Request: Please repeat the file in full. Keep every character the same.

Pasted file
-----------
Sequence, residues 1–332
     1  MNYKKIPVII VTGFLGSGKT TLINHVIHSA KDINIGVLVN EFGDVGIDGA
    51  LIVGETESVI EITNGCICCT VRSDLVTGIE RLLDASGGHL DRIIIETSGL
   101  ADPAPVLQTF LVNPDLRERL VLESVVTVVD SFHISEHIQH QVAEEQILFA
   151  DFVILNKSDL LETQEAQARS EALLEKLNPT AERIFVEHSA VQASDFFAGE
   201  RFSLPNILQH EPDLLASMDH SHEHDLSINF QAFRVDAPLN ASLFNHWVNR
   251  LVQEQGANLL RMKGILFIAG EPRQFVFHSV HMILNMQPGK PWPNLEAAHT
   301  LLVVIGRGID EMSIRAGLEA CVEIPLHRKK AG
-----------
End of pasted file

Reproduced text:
Sequence, residues 1–332
     1  MNYKKIPVII VTGFLGSGKT TLINHVIHSA KDINIGVLVN EFGDVGIDGA
    51  LIVGETESVI EITNGCICCT VRSDLVTGIE RLLDASGGHL DRIIIETSGL
   101  ADPAPVLQTF LVNPDLRERL VLESVVTVVD SFHISEHIQH QVAEEQILFA
   151  DFVILNKSDL LETQEAQARS EALLEKLNPT AERIFVEHSA VQASDFFAGE
   201  RFSLPNILQH EPDLLASMDH SHEHDLSINF QAFRVDAPLN ASLFNHWVNR
   251  LVQEQGANLL RMKGILFIAG EPRQFVFHSV HMILNMQPGK PWPNLEAAHT
   301  LLVVIGRGID EMSIRAGLEA CVEIPLHRKK AG